Chasing Light

What do you do if you want to go somewhere and your family and friends don’t want to or can’t get away when you can? Deciding to explore the world on your own can be a daunting prospect. Thoughts of the drawbacks may cycle through your mind: having no one to rely on should problems arise, planning the trip all on your own, being a target because you are solo, table for one most of the time, or the possibility of being lonely.  The perks of being able to do what you want when you want wherever you want look attractive but will it be right for you. It takes a leap of faith to take on the challenge. As with most things — you don’t know what you don’t know. With a “you won’t know until you try it” attitude I took that leap of faith to France a couple of years ago and in the process learned a lot and among many memorable experiences a long afternoon and evening taking in the changing light of Mont Saint-Michel stands out.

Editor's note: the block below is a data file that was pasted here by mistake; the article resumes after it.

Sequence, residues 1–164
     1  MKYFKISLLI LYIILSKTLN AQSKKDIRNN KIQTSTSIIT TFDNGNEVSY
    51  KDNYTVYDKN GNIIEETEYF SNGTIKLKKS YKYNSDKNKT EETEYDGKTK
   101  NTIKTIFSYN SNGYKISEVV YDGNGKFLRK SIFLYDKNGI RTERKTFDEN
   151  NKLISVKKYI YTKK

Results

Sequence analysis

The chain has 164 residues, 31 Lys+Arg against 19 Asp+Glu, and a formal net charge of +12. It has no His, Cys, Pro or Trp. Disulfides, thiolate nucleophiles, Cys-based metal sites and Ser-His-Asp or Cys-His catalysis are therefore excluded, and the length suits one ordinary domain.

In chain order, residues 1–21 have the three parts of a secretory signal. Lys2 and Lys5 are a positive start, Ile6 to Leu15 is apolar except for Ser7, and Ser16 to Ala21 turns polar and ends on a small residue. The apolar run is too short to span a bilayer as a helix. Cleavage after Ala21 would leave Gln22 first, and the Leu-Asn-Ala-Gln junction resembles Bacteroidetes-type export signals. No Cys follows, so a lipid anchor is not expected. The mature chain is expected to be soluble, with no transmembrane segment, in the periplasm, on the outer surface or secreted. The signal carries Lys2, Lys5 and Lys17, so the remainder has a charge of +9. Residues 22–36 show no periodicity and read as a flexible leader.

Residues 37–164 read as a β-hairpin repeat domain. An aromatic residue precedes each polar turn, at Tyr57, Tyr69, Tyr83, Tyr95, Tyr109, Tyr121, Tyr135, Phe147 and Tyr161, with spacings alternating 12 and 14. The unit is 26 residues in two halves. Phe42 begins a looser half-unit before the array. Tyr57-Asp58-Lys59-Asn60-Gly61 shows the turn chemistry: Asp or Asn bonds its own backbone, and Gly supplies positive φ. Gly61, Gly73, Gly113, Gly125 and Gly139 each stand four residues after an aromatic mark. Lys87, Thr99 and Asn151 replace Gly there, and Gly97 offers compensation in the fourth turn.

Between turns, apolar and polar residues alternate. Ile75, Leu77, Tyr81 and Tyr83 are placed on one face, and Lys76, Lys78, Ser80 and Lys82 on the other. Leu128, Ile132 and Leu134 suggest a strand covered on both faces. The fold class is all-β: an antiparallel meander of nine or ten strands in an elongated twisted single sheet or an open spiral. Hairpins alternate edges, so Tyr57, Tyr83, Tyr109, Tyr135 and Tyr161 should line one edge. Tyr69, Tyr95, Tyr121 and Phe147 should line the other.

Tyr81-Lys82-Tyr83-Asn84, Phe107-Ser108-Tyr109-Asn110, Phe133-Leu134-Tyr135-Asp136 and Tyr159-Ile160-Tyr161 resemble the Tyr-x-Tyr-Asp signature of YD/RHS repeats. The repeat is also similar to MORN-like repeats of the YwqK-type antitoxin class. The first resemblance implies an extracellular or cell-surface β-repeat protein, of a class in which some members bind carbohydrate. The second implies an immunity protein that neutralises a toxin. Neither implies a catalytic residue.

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At first sight, the Mont is an impressive and awe-inducing structure. Its size dwarfing the people and vehicles on the bridge. This area is known for extreme tidal fluctuations and upon my arrival the tide was out and the light was muted from the gray sky.

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Boats become stranded on the sand and people can walk in the silty sand, with caution, during low tides.

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I walked up to the Mont on the bridge, explored the town and toured the Abbey taking my time admiring and capturing the almost 360-degree view from the top.

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The afternoon was turning into evening and the sky with billowy clouds was ever-changing. The golden hour was beginning. Different times of day bring different light to subjects. At sunrise and sunset the sun is near the horizon which creates a golden hue and cast long shadows. In the time before and after sunrise and sunset the light changes hue quickly. From blue to pink to gold in the morning and the reverse in the evening.

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The late afternoon sun added a beautiful golden tone to the walls.